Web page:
One month after the Alameda County grand jury scolded Oakland for shackling its political watchdog commission there are movements afoot to augment both its power and funding.
The Public Ethics Commission has scheduled a hearing this month to consider expanding its authority to penalize politicians for ethics-related violations. Any new powers for the commission would have to be approved by the City Council, which also controls its purse strings.
Councilman Dan Kalb is assembling a separate working group that also will look at strengthening the commission. "When there is a watchdog with teeth that actually takes action when appropriate that gives people a sense of confidence that their local government is working well," he said.
Kalb expected the group, which will include the commission's executive director, to begin work next month and bring suggestions to the council before the end of the year.
Oakland voters established the commission in 1996 to oversee open government and campaign finance laws, but left its powers up to the City Council, which has limited its authority and its funding.
Until this month, the commission only had one full-time staffer and a budget under $200,000. San Francisco's more powerful commission had the equivalent of 17 full-time employees and a $2.2 million budget.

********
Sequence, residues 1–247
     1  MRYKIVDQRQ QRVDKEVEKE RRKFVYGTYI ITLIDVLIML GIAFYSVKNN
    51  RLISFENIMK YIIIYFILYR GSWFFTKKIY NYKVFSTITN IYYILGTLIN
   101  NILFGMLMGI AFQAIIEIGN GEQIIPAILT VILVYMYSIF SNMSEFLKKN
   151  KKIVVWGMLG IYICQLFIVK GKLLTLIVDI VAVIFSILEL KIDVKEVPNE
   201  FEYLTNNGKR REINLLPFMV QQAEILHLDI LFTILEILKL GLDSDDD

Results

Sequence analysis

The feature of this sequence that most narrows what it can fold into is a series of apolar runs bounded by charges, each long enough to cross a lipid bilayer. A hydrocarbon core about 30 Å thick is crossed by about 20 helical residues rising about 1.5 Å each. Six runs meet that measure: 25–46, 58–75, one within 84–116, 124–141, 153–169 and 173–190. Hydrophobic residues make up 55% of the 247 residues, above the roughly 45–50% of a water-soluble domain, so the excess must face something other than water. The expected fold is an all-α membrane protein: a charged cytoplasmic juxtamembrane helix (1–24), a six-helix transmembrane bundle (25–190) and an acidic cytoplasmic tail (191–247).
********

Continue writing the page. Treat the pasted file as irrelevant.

In investigating Councilwoman Desley Brooks' actions with respect to a city teen center, the Alameda County grand jury last month cited the commission's weakness as a reason Brooks hadn't been disciplined.
"An ethics commission with appropriate resources and power to enforce ethical standards is of the utmost importance," the grand jury wrote.
The commission's meeting, which is open to the public, is scheduled for 6:30 p.m. July 24 at City Hall.
Hayward civics lesson in aesthetics
The Hayward Rotary Club wants to donate a 45-foot clock tower to the city, an idea that the City Council praised Tuesday -- but it had questions about the design.
"The structure needs to be more beefy," said Councilman Marvin Peixoto as the council commented on drawings of the proposed tower. He said the sign's legs were too spindly. When he was building a deck at his house, he insisted on heavier support posts, which improved the look, he said.
The $130,000 tower would be in a city park at the corner where Jackson Boulevard, Foothill Boulevard and Mission Boulevard come together, with 10-foot-tall clocks facing Foothill and Mission. It would have electronic sign boards underneath the clocks where city events could be publicized.
Council members complimented the Rotarians for its many years of service to the community, and were fine with the club having its logo on the tower.
But Councilwoman Barbara Halliday thought the tower should be the same green as the signal bridges that now span Foothill, or gold.
It also was suggested that perhaps the sign should have the same gridwork pattern as the signal bridges.
"I would like a little more work on the aesthetics," Halliday said.
Mayor Michael Sweeney asked that some design alternatives be drawn up and brought back to the council.